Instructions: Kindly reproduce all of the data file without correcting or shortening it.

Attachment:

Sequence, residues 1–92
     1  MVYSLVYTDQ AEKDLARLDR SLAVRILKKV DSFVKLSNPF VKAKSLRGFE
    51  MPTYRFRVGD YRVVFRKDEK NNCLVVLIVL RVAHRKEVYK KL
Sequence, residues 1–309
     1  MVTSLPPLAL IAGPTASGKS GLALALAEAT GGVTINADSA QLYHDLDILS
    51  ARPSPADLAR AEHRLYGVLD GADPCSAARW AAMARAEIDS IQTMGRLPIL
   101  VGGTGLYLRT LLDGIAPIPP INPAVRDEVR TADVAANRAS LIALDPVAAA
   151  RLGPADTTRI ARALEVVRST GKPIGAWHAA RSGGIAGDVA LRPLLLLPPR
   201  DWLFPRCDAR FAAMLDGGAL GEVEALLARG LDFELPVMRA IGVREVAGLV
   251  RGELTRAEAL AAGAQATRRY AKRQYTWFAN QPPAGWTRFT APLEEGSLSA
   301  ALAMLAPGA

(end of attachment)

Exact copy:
Sequence, residues 1–92
     1  MVYSLVYTDQ AEKDLARLDR SLAVRILKKV DSFVKLSNPF VKAKSLRGFE
    51  MPTYRFRVGD YRVVFRKDEK NNCLVVLIVL RVAHRKEVYK KL
Sequence, residues 1–309
     1  MVTSLPPLAL IAGPTASGKS GLALALAEAT GGVTINADSA QLYHDLDILS
    51  ARPSPADLAR AEHRLYGVLD GADPCSAARW AAMARAEIDS IQTMGRLPIL
   101  VGGTGLYLRT LLDGIAPIPP INPAVRDEVR TADVAANRAS LIALDPVAAA
   151  RLGPADTTRI ARALEVVRST GKPIGAWHAA RSGGIAGDVA LRPLLLLPPR
   201  DWLFPRCDAR FAAMLDGGAL GEVEALLARG LDFELPVMRA IGVREVAGLV
   251  RGELTRAEAL AAGAQATRRY AKRQYTWFAN QPPAGWTRFT APLEEGSLSA
   301  ALAMLAPGA